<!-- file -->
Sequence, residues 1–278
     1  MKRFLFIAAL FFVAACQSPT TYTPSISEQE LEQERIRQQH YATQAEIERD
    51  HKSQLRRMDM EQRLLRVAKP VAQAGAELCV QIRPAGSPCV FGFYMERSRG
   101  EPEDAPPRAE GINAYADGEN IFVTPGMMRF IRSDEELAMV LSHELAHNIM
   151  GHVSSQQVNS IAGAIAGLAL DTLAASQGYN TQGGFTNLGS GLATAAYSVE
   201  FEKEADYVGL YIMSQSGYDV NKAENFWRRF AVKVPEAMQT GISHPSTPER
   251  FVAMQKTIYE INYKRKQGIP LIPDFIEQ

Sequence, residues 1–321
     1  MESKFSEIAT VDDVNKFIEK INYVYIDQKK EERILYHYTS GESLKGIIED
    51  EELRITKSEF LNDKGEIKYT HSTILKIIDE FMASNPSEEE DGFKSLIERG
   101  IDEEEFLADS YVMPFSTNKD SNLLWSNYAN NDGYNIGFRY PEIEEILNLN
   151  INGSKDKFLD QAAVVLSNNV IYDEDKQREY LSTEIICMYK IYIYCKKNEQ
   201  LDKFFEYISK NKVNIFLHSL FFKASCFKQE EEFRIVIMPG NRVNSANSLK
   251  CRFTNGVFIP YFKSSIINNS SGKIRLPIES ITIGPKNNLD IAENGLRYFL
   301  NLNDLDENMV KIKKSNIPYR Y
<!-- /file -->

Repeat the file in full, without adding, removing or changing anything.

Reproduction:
Sequence, residues 1–278
     1  MKRFLFIAAL FFVAACQSPT TYTPSISEQE LEQERIRQQH YATQAEIERD
    51  HKSQLRRMDM EQRLLRVAKP VAQAGAELCV QIRPAGSPCV FGFYMERSRG
   101  EPEDAPPRAE GINAYADGEN IFVTPGMMRF IRSDEELAMV LSHELAHNIM
   151  GHVSSQQVNS IAGAIAGLAL DTLAASQGYN TQGGFTNLGS GLATAAYSVE
   201  FEKEADYVGL YIMSQSGYDV NKAENFWRRF AVKVPEAMQT GISHPSTPER
   251  FVAMQKTIYE INYKRKQGIP LIPDFIEQ

Sequence, residues 1–321
     1  MESKFSEIAT VDDVNKFIEK INYVYIDQKK EERILYHYTS GESLKGIIED
    51  EELRITKSEF LNDKGEIKYT HSTILKIIDE FMASNPSEEE DGFKSLIERG
   101  IDEEEFLADS YVMPFSTNKD SNLLWSNYAN NDGYNIGFRY PEIEEILNLN
   151  INGSKDKFLD QAAVVLSNNV IYDEDKQREY LSTEIICMYK IYIYCKKNEQ
   201  LDKFFEYISK NKVNIFLHSL FFKASCFKQE EEFRIVIMPG NRVNSANSLK
   251  CRFTNGVFIP YFKSSIINNS SGKIRLPIES ITIGPKNNLD IAENGLRYFL
   301  NLNDLDENMV KIKKSNIPYR Y